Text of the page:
An article of manufacture is provided in another embodiment. The article of manufacture includes a storage device configured with executable instructions for processing an electronic circuit design. The instructions when executed by one or more processors cause the one or more processors to perform operations including inputting a graphical model of an outer subsystem block of the design. The outer subsystem block includes at least one parameter and at least one inner subsystem block. The inner subsystem block includes at least one leaf block that specifies a function for applying to an input port value and producing an output port value. The graphical model of the outer subsystem block and the inner subsystem block is translated into a high-level language (HLL) program. The program includes a declaration and specification of a first function corresponding to the outer subsystem block and within the specification of the first function a declaration and specification of a second function corresponding to the inner subsystem block. The specification of the first function references the at least one parameter and specifies invocation of the second function. The specification of the second function specifies invocation of a third function corresponding to the leaf block. The specification of the first function references at least one variable corresponding to the at least one parameter. The at least one variable is referenced by at least one of the second and third functions. The HLL program is executable to instantiate a model of the outer subsystem block, the inner subsystem block, and the leaf block consistent with an input value for the at least one parameter.

It will be appreciated that various other embodiments are set forth in the Detailed Description and Claims, which follow.

BRIEF DESCRIPTION OF THE DRAWINGS

Various aspects and advantages of the invention will become apparent upon review of the following detailed description and upon reference to the drawings in which:

FIG. 1 shows a GUI interface and an example graphical outer subsystem and inner subsystem which are translated from a graphical model into an HLL program;

FIG. 2 is a user interface window in which parameter values have been set for input parameters of a block;

FIG. 3 is a user interface window in which an initialization command has been specified for a block;

FIG. 4 is a user interface window in which a drop-down menu allows a designer to select a value for a parameter;

FIG. 6 shows a data flow in which a graphical model is translated into a selected target language;

FIG. 7 is a flowchart of an example process for converting a graphical model into an HLL program in accordance with various embodiments of the invention; and

FIG. 8 is a block diagram of an example computing arrangement on which the processes described herein may be implemented.

DETAILED DESCRIPTION

A GUI-based modeling system allows a designer to easily abstract and assemble different parts of a design. However, for designs that contain hundreds to thousands of blocks, and for designs for which the number of blocks and connections change subject to design parameters, it may be more straightforward for the designer to specify the design and define the parameters that control the numbers of blocks and connections with a script-based specification than with a GUI-based system.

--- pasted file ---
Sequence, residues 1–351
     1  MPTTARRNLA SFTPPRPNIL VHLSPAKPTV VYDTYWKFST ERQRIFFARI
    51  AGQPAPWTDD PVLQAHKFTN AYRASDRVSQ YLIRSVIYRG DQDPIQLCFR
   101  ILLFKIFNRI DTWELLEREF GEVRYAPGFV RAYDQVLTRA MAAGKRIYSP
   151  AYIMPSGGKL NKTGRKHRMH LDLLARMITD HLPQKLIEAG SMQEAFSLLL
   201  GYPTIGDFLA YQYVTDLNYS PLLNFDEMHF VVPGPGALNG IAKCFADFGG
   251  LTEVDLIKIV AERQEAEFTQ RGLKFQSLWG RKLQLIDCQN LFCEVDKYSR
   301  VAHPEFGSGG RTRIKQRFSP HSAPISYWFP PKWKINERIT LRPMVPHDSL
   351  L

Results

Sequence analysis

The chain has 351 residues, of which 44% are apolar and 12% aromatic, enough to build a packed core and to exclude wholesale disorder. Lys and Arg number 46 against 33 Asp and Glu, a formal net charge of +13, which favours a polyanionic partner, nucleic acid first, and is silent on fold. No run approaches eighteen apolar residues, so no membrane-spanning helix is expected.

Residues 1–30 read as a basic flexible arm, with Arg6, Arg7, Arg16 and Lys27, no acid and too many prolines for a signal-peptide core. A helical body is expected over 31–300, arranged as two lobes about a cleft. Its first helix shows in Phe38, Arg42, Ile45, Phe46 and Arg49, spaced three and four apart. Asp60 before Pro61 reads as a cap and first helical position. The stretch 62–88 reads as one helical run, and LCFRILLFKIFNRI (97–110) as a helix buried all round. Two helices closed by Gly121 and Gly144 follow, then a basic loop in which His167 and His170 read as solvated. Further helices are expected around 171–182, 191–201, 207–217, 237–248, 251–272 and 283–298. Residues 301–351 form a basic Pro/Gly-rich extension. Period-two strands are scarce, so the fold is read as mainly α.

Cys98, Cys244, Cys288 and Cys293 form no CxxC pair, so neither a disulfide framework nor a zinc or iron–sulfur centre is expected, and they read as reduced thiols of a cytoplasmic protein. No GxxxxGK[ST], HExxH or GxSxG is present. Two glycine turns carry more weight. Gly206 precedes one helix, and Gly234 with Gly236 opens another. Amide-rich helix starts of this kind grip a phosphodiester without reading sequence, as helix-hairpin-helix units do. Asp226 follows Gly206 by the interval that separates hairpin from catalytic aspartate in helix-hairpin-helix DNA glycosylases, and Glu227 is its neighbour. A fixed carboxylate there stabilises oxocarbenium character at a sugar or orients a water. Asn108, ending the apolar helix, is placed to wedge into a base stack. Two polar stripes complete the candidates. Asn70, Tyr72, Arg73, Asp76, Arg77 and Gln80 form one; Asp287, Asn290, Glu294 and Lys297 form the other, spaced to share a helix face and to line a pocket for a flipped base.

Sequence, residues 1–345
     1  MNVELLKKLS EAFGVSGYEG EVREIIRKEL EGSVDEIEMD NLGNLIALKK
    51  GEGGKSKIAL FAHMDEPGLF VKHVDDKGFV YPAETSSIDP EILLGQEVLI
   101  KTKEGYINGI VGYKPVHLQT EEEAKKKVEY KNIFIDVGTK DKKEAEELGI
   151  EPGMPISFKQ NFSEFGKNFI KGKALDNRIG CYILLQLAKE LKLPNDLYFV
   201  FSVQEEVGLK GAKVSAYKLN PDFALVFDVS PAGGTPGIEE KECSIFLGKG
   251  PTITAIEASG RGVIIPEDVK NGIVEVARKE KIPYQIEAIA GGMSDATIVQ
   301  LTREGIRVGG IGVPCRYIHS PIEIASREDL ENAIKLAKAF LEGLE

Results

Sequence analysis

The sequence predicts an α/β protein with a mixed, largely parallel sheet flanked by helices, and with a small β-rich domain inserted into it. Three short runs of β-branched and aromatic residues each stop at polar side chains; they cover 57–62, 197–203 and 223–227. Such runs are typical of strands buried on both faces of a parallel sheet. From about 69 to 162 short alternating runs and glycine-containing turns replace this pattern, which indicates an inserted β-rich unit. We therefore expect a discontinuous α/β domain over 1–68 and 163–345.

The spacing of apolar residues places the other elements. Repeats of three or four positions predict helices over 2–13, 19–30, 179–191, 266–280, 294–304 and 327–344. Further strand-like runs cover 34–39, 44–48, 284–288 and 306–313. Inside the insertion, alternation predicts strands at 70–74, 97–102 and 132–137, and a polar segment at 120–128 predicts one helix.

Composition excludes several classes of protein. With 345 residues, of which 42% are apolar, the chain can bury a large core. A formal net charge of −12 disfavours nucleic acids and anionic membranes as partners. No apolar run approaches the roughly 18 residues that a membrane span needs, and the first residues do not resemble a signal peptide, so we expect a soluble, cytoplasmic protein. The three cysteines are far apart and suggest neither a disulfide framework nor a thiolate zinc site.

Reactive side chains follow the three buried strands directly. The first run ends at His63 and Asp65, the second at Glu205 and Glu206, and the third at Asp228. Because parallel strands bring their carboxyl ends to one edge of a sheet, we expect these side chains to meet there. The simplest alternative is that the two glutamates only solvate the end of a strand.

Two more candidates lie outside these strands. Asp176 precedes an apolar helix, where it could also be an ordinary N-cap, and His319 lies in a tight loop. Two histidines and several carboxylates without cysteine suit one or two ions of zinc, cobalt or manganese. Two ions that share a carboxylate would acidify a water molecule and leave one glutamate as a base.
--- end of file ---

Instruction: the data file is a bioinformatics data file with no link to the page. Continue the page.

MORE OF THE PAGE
One embodiment of the invention converts a graphical model of a circuit design block into a scripting language. For example, a designer may create a graphical model of a circuit design block in the SIMULINK modeling system and translate that graphical model into a script in the MATLAB language. Other embodiments convert the graphical model into a high-level language (HLL) program such as C or C++, for example.

The ability to convert the graphical model into a script benefits the designer because the designer can quickly create a model for a design block using the GUI-based system, convert that model to a script, and then adapt that script to satisfy further design objectives. For example, the designer may further adapt the generated script for use in combination with other scripts and further parameterize the script to allow specifying various numbers of instances of the originally specified model for different applications. The generated script may also be incorporated into a script that specifies a larger design.

In one embodiment, when executed, the generated HLL program generates a graphical model of the design. For example, where a SIMULINK graphical model is translated into a MATLAB script, if the generated MATLAB script is executed the output is a graphical model that is equivalent to the graphical model from which the MATLAB script was generated. This capability is useful for parameterizing a design by way of adapting the generated script rather than editing the design via a GUI. For example, the blocks in a graphical model have associated parameters that may be modified by way of a GUI in order to customize the model for a particular design. However, the GUI may require that the designer individually edit each instance of the block in order to change a parameter value for that block. In contrast, the generated script may be adapted to use an single input parameter value to make the same customization. Running the adapted script with the input parameter value produces a graphical model with the desired customization.

The expressive power of an HLL program renders it more suitable to parameterization than does a graphical model and GUI interface. For example, control statements may be used in an HLL program for customizing a design based on input parameter values. Such control statements include if-then-else conditional statements and for-loop control statements. These control statements may be used in the HLL program to control the how input parameter values are applied in generating a design from execution of the script.